Women’s History Month – and beyond

By Paula Kitching, published 3rd March 2020

Beyond the ‘lady with the lamp’ – celebrating Florence Nightingale’s 200th birthday

This year will see the 200th anniversary of the birth of Florence Nightingale. The anniversary is on 12 May (not very convenient for Women’s History Month in March but I’ll come to that in a moment) and there will be events and talks in her honour.

When I was at school we learnt in a very simplistic way about Florence Nightingale and her almost magical lamp that she used as she swished (due to the long skirts) around the wards of the military hospital in the Crimea. At the age of eight I had little understanding of the complexity of medical practices of the 19th century or the treatment of soldiers on a battlefield and therefore why she was such an impressive character. It is only as an adult when I investigated the history of nursing that I realized just how pivotal, focused, single-minded and tenacious she was.

Pioneer and campaigner

Now remembered as the founder of modern nursing, Florence Nightingale was much more than that – she was also a lobbyist, a political campaigner and not afraid of hard work. Born into a wealthy family, she was able to be educated and she used her knowledge, connections and sense of status to make changes to the social conditions around her. She wrote a novel Cassandra in which she spoke about the fact that women of her class were trapped into simple pursuits, and she was determined not to do the same.

This is important and indicates another reason she ought to be remembered. By campaigning for nursing to be professionalised and acknowledged she not only helped save the lives of millions of people; she also provided one of the first respected forms of trained employment for women. That is not to say that only women can be nurses, of course; rather that historically nursing allowed women a profession that enabled them to build a career and provided them with respect and independent living.

So Florence Nightingale, who purposely chose not to marry, has helped empower millions of other women to make their own choices, as well as professionalising and elevating nursing so that it could benefit the rest of society.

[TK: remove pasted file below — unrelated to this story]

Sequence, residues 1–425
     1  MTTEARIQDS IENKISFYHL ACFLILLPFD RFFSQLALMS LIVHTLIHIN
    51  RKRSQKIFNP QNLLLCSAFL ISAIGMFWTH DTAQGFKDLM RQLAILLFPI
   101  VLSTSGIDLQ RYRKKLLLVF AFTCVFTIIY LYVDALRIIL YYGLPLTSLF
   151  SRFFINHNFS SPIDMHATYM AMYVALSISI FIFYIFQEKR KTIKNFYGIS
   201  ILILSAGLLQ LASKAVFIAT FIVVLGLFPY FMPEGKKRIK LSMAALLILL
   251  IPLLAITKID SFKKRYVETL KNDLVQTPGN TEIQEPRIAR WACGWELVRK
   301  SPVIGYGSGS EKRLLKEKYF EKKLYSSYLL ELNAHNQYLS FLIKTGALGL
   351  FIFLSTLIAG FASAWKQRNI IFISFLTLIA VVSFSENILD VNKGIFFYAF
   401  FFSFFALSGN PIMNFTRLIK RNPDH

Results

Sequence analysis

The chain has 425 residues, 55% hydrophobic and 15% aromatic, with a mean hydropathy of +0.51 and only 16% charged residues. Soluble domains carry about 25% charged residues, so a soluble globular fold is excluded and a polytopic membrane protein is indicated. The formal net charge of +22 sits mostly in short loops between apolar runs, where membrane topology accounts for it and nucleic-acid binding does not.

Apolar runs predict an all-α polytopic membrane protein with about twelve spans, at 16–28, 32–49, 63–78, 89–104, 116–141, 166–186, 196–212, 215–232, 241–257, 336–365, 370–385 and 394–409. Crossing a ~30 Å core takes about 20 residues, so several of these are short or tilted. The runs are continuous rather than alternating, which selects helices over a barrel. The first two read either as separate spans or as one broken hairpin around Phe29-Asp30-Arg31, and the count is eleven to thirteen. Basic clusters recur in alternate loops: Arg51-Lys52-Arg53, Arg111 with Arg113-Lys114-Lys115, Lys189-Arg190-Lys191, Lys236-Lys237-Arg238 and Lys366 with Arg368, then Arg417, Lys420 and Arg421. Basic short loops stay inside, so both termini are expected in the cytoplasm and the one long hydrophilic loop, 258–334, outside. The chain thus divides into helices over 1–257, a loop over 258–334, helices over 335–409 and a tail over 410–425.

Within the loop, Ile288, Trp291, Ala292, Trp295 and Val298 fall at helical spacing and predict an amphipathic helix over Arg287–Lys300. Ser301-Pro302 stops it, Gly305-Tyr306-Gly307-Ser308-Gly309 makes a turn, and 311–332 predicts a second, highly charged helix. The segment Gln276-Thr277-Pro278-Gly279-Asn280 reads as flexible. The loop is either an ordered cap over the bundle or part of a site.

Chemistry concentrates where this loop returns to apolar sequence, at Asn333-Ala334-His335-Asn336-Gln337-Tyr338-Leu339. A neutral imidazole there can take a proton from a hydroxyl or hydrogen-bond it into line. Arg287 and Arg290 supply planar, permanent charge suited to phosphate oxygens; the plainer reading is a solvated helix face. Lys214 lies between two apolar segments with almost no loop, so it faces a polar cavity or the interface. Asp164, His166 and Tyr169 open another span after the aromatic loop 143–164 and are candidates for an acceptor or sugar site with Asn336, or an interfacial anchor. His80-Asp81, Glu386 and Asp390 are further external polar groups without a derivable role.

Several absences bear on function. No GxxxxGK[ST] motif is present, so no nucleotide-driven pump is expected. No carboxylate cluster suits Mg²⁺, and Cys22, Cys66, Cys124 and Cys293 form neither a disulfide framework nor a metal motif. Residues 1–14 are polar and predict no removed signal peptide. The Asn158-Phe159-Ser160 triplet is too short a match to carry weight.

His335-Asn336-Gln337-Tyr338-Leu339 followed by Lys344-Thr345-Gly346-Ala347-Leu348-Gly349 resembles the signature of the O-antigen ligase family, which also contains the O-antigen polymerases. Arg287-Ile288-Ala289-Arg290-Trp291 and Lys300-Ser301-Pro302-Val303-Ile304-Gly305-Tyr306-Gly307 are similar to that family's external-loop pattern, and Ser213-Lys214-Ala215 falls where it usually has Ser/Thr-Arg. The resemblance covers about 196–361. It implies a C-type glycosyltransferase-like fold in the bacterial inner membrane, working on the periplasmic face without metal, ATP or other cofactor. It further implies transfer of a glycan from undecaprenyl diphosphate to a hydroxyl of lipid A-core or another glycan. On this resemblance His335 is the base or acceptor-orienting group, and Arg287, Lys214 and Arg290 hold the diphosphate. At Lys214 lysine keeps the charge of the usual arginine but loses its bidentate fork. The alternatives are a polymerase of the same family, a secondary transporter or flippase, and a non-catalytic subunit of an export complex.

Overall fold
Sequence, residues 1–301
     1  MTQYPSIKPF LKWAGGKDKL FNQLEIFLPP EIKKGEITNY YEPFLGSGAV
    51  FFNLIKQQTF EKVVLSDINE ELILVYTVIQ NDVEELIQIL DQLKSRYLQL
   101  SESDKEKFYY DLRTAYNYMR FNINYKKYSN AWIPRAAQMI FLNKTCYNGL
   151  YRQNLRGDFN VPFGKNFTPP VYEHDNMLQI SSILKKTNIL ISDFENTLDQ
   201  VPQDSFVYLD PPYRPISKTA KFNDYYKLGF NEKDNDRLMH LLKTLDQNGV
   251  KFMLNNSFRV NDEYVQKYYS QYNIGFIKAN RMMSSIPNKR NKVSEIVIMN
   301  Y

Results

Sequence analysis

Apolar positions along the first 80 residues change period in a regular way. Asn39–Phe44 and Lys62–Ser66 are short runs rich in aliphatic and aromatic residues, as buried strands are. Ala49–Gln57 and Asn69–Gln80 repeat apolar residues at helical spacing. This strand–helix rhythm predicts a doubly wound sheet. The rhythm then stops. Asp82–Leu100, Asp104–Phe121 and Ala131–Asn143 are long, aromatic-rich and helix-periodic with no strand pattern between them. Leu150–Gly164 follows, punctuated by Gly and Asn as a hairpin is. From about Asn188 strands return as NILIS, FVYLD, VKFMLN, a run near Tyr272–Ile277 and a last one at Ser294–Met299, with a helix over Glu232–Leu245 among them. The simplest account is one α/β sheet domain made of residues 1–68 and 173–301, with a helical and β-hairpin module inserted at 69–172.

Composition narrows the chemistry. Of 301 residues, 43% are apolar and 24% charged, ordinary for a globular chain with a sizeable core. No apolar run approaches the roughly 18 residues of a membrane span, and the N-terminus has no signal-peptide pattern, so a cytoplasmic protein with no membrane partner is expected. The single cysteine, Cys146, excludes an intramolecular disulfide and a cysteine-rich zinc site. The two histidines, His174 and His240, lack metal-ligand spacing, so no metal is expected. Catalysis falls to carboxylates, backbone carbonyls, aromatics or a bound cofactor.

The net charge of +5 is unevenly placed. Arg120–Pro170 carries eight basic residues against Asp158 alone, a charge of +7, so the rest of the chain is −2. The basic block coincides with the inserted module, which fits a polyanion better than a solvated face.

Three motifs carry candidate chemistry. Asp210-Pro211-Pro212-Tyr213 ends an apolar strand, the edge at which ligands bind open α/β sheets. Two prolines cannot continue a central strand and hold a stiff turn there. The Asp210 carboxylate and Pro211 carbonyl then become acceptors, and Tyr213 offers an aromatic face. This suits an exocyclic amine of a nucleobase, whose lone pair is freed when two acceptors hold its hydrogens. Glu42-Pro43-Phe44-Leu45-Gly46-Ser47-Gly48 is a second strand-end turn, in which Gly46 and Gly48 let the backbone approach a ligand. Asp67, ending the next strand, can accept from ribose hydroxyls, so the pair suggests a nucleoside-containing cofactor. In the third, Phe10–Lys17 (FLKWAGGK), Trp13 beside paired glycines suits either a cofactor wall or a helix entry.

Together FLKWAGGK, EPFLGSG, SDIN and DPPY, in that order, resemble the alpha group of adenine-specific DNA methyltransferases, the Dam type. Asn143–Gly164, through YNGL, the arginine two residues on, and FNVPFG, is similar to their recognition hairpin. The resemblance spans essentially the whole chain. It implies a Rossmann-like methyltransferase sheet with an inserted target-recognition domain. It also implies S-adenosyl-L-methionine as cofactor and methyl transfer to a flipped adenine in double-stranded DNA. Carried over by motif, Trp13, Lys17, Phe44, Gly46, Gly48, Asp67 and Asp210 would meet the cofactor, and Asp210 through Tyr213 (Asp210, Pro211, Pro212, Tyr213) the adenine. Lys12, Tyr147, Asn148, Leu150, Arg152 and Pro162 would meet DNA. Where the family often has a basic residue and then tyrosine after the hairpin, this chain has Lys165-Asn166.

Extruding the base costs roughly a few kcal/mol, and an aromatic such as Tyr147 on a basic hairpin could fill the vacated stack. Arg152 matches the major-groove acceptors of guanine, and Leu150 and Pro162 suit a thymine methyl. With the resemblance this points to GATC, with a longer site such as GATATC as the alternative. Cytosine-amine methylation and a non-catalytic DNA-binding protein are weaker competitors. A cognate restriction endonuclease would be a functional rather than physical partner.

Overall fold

Not just one month for women’s history

Nightingale (and the many others like her) should be remembered as a pioneer who carried out her aims despite the prejudices against women of the time. Her story deserves to be about far more than just her tending to wounded soldiers, which is why it is great that her birthday is not conveniently in March for Women’s History Month, as there is a chance that she will get some notice for women’s history in May as well.

However, more importantly she – like many of the women that were campaigning for change during the 19th and 20th centuries, such as the suffragists – were campaigning for all society, not just for women. While the suffragettes were focused on rights for women, the suffragists and the wider democracy movements were about greater rights and representation for all individuals.

Nightingale may have started out by helping male soldiers in the Crimea, but her full campaigning activities were about better conditions in healthcare and health provision for everyone. Women such as Nightingale and the suffragists deserve to be remembered throughout the year, not ascribed one month only.

So do celebrate Women’s History Month, but think like Nightingale and the suffragists of her generation and make women’s representation valued equally and fairly at all times; half the population merit far more than a mere 12th of annual representation in history. Maybe this March should be this generation’s start of a campaign to make the idea of Women’s History Month obsolete because equality will be every day?